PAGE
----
The issue is that you position yourself as being Inside of that knot. All that you can see from there are lots of threads and strings going in all directions, as randomly as possible. Obviously, you don’t see any way out.

I wouldn’t see any way out either if I was inside that knot! It’s not a matter of being “smart” or “intelligent”. It’s about your “position” in regards with that situation.

Try this: open a picture of yourself on your computer. Then zoom it in to the maximum and try your best to find your ear. Could you still tell who’s in that picture anymore? Probably not. All that you see is a fuzzy thing that’s supposed to be part of your cheek. Or, was it your nose? It’s not that clear, is it? No wonder you can’t find your way towards the ear.

On top of that, you are emotionally attached to your “life situation” that you call “problem”. We all tend to identify with our stories and thus, we come to defend them, even when we know that they no longer serve us.

To continue the example with the ‘zoomed-in’ picture. If I were to ask you to paint red some of the pixels in that picture, you might be reluctant in doing so, or even refuse altogether, because it’s Your picture!

The reason I can see “how to get to your ear” or “how painting red will help” is because

– I zoomed out, I am looking AT the picture from a larger perspective

– I am not attached to the presupposed emotional associations that you made up in your mind (that’s why Doctors are generally not allowed to treat family members – in order to prevent emotions from clouding medical judgment)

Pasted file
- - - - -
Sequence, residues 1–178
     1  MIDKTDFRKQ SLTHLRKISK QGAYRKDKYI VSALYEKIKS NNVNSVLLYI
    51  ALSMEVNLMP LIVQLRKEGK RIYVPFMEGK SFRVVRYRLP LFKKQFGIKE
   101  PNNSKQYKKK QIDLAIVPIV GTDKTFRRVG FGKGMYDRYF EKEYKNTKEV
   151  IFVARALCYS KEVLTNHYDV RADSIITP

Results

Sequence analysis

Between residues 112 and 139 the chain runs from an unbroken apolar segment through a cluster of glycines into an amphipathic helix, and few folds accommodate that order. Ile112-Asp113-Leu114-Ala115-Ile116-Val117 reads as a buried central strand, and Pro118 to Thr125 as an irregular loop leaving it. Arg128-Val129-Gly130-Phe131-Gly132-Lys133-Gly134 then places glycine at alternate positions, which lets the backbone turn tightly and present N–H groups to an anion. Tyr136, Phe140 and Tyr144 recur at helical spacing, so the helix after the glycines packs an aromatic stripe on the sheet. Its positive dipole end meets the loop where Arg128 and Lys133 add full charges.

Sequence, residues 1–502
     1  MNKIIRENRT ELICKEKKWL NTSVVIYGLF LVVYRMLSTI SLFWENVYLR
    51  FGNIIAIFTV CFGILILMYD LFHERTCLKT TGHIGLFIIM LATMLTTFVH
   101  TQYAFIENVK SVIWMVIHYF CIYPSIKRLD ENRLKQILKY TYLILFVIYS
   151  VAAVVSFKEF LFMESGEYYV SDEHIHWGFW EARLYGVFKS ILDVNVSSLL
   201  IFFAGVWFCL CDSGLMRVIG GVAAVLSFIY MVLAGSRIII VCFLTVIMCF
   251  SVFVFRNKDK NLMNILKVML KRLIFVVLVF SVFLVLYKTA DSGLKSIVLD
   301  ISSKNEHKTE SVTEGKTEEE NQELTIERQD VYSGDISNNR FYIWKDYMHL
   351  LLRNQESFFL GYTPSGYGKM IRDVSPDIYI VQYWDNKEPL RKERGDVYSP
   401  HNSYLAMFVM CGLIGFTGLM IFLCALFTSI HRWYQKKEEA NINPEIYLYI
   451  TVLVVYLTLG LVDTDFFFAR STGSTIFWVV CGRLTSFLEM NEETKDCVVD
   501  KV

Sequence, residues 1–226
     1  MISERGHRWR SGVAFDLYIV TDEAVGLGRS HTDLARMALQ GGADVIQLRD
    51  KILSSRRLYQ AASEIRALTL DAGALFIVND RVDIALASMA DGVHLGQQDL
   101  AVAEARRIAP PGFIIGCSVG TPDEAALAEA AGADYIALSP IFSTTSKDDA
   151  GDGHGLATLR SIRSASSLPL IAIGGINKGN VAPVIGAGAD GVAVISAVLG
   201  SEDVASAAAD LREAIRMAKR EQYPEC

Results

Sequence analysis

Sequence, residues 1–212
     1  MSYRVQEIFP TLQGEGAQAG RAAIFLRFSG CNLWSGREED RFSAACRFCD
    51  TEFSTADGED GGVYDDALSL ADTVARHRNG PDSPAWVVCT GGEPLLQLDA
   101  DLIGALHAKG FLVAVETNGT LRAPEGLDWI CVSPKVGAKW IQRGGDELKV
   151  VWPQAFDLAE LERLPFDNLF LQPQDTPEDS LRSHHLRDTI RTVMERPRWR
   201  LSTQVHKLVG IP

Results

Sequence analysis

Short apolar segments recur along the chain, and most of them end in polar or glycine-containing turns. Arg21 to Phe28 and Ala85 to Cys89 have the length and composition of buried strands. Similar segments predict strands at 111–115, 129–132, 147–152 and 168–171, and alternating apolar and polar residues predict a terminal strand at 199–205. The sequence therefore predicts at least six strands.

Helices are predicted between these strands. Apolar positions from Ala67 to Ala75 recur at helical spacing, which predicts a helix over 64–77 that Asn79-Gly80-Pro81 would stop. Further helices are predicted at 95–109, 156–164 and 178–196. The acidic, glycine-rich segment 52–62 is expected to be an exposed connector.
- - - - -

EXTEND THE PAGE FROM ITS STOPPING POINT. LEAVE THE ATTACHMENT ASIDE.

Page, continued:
Coming back to the image of the “knot” – from my ‘zoomed-out’ position I can see, for instance, that if you pull this string out through this loop over here, then, if you turn it all around and pull that other string over there, and so on – then the entire knot will get loose quickly.

If you get lost on a huge city and you need to find your way back to the hotel, what do you do? You either ask somebody or you take a map. A map is just a convenient way of looking at the city from a ‘zoomed-out’ position.

So, you see, it’s not a matter of “smart-ness”, but rather, a matter of perspective.

The client owns the solution and learns how to solve any future “problems”, because:

– he must be Willing to move around, adopt different perceptual positions and engage in the process

– he must Do the “string pulling”, the “map reading”, noticing the differences and how the world looks like from the new position.

What’s your perspective about these ideas?

Did you find yourself thinking that the mentor is a ‘mentor’ because he’s supposed to be smarter, more intelligent than the client – therefore, the client is less smart, less intelligent than the mentor?

Do you believe that minds can be ‘tricky’ and, sometimes, misguide people into limiting decisions or into non-constructive behaviors?

Can you allow yourself to consider the mentor as being a close friend with “specialized knowledge” about ‘how the mind works’, a friend that you can talk to and who can help you find your own answers?